There will be no Colorado Freeride Championships in Snowmass this winter, as the Aspen Skiing Co. shuffles its on-mountain event lineup.
The extreme skiing competition had run annually in late February at Snowmass Ski Area since 2001. It pitted skiers and snowboarders from across the state — and sometimes beyond — in judged competitions for prize money on some of the most challenging lines in the Hanging Valley Wall and Burnside Cliffs.
The climax of the finals often saw skiers hucking off of the 40- to 60-foot-high “Two Trees” cliff, with the cleanest landing taking home the prize money.
It often drew more than 100 competitors, ranging from well-known and sponsored athletes to locals entering the open competition, and brought crowds to watch the action from Gwyn’s High Alpine and elsewhere.
The event was canceled last year due to a lack of snow.
SkiCo spokesman Jeff Hanle said the company dropped the event as its on-mountain programming continues to shift.
“We always evaluate our events and look to come up with new ideas and evolve,” Hanle said.
Local freeskier Chris Tatsuno said he was sad to see the competition go, but noted that such events are growing in the junior ranks. The International Free Skiers Association, for instance, has an expanding slate of 30 regional big mountain events for high school athletes aged 18 and under.
“We haven’t had the right conditions to do it anyway,” Tatsuno added, referring to the need for overabundant snow for the competition. “So it might be fortuitous that they’re not doing it.”
SkiCo quietly announced the event’s departure in its winter events schedule this fall, which unveiled a new slopestyle competition in Highland Bowl as a replacement for the freeride championships. The Aspen Highlands race had been scheduled for late January, but is now off the docket.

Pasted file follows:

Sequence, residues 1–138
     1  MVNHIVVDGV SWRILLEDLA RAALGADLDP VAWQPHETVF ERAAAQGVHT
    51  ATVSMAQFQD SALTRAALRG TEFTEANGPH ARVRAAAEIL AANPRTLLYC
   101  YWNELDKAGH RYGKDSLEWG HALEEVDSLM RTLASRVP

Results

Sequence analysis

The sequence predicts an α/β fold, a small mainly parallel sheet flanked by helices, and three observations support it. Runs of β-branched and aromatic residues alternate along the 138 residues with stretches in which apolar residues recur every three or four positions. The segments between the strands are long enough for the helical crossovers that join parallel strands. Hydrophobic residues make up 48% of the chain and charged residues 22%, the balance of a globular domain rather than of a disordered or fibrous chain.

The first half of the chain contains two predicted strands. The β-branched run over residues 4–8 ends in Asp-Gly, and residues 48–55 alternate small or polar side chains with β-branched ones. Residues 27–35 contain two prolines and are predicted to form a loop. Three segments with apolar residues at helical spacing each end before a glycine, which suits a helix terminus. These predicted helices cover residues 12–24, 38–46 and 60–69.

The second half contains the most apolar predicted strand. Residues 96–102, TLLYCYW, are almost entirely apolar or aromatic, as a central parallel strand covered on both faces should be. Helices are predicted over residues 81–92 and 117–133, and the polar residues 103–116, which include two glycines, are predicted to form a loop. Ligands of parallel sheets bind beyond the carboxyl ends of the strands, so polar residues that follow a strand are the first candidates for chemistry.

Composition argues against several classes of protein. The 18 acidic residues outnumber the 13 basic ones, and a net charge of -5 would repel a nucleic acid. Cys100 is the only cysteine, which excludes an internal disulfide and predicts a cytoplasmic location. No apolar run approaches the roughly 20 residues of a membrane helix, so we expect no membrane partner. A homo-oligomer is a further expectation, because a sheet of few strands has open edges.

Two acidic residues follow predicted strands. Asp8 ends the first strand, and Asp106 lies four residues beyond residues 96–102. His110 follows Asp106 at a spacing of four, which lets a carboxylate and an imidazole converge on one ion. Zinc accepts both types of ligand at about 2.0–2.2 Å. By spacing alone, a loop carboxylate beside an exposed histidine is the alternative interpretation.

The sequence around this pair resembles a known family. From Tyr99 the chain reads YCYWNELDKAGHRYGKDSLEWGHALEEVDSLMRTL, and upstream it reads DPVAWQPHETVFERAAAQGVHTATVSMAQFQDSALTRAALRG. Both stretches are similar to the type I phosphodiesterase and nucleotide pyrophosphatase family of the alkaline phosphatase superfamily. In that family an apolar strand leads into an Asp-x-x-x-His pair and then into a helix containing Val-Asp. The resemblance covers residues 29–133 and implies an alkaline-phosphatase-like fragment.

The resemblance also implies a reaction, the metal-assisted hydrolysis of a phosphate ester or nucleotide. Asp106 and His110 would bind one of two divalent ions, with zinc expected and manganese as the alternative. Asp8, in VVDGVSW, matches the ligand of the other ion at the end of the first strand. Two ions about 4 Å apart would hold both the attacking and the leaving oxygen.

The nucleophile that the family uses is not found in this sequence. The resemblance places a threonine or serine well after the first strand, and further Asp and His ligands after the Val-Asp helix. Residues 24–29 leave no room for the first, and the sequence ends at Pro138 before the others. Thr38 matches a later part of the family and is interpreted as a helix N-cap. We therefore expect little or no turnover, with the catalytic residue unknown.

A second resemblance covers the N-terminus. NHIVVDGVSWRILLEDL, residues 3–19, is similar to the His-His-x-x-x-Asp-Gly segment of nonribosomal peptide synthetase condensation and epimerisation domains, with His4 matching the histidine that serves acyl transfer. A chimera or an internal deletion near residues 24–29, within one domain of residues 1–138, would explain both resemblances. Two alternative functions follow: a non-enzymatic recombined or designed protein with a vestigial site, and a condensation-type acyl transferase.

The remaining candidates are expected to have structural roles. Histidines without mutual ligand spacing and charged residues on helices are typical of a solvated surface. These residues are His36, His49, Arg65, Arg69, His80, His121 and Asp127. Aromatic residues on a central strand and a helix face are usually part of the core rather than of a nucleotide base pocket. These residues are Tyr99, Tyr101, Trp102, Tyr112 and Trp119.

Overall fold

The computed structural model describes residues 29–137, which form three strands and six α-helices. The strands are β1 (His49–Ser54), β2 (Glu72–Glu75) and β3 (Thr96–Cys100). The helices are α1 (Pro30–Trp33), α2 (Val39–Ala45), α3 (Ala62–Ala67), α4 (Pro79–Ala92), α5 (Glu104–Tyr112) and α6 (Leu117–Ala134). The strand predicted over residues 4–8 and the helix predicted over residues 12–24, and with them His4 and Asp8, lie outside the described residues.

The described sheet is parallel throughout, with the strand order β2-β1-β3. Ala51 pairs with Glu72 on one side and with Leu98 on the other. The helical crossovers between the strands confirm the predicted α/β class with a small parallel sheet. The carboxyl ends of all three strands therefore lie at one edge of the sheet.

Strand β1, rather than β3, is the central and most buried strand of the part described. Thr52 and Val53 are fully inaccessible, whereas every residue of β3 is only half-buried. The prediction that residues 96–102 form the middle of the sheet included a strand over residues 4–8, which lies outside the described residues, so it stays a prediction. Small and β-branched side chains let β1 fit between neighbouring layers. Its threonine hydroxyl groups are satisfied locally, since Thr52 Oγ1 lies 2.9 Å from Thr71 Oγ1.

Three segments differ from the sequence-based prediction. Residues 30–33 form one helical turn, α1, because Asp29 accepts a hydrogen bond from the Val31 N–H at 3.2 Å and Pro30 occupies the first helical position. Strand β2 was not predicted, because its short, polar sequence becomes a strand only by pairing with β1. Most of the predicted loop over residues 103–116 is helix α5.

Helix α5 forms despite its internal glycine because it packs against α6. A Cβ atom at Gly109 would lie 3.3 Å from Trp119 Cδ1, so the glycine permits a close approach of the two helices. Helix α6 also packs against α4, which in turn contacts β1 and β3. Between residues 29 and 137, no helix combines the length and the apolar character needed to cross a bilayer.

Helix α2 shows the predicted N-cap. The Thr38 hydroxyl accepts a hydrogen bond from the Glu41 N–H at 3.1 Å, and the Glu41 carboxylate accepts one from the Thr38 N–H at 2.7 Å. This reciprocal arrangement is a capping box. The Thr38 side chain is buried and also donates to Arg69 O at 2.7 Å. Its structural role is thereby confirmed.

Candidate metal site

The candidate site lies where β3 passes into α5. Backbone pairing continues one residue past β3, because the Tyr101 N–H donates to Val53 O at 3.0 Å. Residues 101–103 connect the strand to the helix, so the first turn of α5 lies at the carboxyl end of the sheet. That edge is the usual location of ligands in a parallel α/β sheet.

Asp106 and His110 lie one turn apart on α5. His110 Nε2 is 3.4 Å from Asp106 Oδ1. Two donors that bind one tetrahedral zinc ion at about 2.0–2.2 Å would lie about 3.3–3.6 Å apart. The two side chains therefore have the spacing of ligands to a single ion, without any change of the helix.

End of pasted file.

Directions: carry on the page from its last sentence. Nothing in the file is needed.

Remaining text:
Next week, SkiCo is kicking off a new race series, however, building on the increasing popularity of uphill races and the upcoming third annual Power of Four Ski Mountaineering Race.
Dubbed the Aspen Highlands SkiMo race series, it will be a ski mountaineering race with uphill and downhill components on various terrain at Highlands, starting this Thursday, Jan. 10 at 5:30 p.m. and continuing with three additional races through March.
“As that type of winter activity gains more and more in popularity, we thought it was a good one to add to our calendar,” Hanle said, “especially as a build-up for the Power of Four Race.”
The Power of Four, scheduled for March 2, sends elite endurance athletes in teams of two across all four local mountains in a day-long race covering 25 miles and 12,000 feet of vertical climbing. A less grueling recreational race sticks to Highlands and Aspen Mountain.
SkiCo officials are hoping the SkiMo series will give Power of Four competitors — or aspiring competitors — the chance to practice race techniques and transitions. Post-race after parties at Highlands Pizza Company, they hope, will also foster some camaraderie among the weekend warrior uphillers.